If you like James Bond movies, you have several people to thank for your hero. Ian Fleming, obviously; he wrote the original Bond novels. Harry Saltzman and Albert R. “Cubby” Broccoli produced and guided the franchise for decades; Terence Young directed the first two movies starring Sean Connery. And then there’s Guy Hamilton, who helmed perhaps the greatest Bond adventure of them all, Goldfinger. Sadly, per the BBC, Hamilton past away on Wednesday in a hospital on the Spanish island of Majorca. He was 93 years old.

Although the first two Bond films, Dr. No and From Russia with Love, established the template for the 20 films to follow, it was Goldfinger that refined that formula to perfection. Here’s what I wrote about the film in a recent piece ranking every 007 movie (Goldfinger took the top spot):

Goldfinger is the ultimate Bond; the source from which springs not just every Bond film that followed, but many action movies of all shapes and sizes. It’s one of the most influential movies of the 20th century. Anytime a dapper hero peels off a scuba suit to reveal a freshly-pressed tuxedo, or fells his opponents with a gadget-heavy sportscar, Goldfinger’s impact lingers on.

While the Bond movies were always a team effort, Hamilton’s often credited with emphasizing gadgetry in the franchise, and Bond’s cool cars and weapons quickly became a staple of every film until the Daniel Craig reboot. Bond’s iconic Aston Martin DB5 was scripted only to have a few paltry tricks; Hamilton was the one who suggested its famous revolving license plate (because, supposedly, he’d been getting a lot of parking tickets). History also credits Hamilton with giving villain Auric Goldfinger his deadly laser weapon, which he uses to intimidate a captured James Bond in one of the most famous scenes in movie history. (In the Goldfinger novel, Goldfinger threatens Bond with a circular saw):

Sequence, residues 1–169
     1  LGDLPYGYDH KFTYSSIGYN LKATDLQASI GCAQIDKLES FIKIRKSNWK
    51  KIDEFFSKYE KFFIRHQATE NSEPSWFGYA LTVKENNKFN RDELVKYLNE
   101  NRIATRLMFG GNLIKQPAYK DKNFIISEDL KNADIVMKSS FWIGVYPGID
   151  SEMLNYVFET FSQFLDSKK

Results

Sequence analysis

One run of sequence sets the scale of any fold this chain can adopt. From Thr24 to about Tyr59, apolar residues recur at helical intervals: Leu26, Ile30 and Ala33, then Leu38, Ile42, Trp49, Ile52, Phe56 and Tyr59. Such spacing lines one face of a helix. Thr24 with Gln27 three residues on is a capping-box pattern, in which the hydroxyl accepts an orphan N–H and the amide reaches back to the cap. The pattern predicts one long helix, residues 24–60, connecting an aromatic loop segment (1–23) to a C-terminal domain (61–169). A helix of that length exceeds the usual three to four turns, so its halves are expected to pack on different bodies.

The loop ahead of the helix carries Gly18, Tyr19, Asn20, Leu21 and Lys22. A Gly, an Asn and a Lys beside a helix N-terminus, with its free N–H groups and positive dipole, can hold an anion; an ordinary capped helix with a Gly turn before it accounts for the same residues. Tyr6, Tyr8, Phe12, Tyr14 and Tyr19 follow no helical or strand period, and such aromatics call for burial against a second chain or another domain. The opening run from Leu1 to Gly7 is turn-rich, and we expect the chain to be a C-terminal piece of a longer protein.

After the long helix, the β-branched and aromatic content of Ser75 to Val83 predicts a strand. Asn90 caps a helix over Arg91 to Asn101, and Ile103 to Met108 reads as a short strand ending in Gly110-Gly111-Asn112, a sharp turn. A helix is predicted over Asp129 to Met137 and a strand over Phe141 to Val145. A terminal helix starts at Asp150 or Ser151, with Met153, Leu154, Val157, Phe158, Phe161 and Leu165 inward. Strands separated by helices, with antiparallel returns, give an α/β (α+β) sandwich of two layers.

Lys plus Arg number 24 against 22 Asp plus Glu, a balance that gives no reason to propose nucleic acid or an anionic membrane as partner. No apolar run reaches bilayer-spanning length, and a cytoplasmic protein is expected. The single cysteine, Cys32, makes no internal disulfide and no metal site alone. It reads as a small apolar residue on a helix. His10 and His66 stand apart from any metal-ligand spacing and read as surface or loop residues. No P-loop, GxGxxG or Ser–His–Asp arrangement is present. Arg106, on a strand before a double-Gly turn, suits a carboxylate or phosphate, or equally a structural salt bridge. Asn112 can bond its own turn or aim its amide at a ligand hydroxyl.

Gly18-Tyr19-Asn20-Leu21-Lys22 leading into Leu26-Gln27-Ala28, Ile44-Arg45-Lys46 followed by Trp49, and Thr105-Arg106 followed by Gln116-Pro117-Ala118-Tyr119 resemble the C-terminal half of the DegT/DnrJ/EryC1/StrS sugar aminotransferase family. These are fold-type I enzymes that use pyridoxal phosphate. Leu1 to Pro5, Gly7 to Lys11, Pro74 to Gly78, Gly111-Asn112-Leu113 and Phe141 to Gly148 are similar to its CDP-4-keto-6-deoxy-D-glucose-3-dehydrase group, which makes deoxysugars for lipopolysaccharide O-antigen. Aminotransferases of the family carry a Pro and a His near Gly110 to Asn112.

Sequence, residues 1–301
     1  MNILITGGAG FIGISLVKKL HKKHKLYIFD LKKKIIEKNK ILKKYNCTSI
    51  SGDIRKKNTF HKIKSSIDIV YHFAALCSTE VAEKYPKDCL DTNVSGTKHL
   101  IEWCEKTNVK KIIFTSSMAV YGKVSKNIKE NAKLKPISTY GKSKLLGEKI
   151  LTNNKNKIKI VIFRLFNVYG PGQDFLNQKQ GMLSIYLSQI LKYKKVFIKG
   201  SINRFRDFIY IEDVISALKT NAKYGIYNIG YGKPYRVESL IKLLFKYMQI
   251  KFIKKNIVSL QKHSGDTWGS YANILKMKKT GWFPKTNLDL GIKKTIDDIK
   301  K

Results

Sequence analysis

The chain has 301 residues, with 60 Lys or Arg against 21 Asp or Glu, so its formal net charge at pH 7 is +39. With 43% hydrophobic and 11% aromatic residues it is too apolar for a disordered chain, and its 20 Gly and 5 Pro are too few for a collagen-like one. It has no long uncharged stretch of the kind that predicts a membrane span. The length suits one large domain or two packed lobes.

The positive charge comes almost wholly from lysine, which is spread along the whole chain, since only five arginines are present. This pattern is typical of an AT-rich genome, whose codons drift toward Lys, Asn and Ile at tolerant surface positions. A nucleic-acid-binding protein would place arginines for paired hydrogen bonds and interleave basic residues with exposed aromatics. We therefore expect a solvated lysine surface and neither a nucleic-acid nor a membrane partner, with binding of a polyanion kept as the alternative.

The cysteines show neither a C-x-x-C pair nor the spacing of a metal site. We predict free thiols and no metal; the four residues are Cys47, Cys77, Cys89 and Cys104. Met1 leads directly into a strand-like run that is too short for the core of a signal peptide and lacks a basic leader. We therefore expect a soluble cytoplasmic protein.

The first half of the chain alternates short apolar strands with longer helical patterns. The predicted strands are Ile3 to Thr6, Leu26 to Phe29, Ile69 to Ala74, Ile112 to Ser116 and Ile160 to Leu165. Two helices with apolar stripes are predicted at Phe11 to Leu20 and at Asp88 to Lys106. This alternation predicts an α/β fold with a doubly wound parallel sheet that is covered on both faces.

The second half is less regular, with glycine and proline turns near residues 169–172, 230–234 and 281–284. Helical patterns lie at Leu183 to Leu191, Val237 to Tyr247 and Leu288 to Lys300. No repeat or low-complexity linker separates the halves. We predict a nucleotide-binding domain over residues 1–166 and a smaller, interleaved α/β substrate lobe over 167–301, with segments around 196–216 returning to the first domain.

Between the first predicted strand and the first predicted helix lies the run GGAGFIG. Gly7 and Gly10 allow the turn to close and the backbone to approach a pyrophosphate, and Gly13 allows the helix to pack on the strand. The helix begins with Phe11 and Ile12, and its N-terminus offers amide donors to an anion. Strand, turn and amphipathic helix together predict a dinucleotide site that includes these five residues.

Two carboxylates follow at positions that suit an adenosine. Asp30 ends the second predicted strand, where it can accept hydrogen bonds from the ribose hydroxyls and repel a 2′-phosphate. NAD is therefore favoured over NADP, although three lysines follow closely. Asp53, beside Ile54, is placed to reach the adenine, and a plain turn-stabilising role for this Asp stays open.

Hamilton returned to the 007 series three more times: for Connery’s last official Bond, Diamonds Are Forever (1971), Roger Moore’s first Bond, Live and Let Die (1973)and its underrated follow-up The Man with the Golden Gun (1974), which is my personal favorite of the Moore Bonds.

Earlier today, Roger Moore tweeted this tribute to the late director:

Hamilton actually knew Ian Fleming from their time serving in British intelligence during World War II. After the war, Hamilton became the assistant director to Carol Reed; he worked for Reed on his great movies The Fallen Idol and The Third Man. Reed then helped Hamilton get his start as a director; his directorial debut was the 1952 mystery The Ringer starring Herbert Lom. His other directorial efforts included the Harry Palmer thriller Funeral in Berlin (1966), the war epic Battle of Britain (1969), the Agatha Christie adaptation The Mirror Crack’d (1980), and the ’80s action classic Remo Williams: The Adventures Begins (1985).

It’s certain, though, that Bond will be his legacy. People will continue to watch (and filmmakers will continue to be inspired by) Goldfinger for decades to come. That movie inspired so many copies, both within the James Bond franchise and elsewhere. But in many ways, it has still never been topped. We here at ScreenCrush tip our razor-brimmed hats to the passing of an important director.

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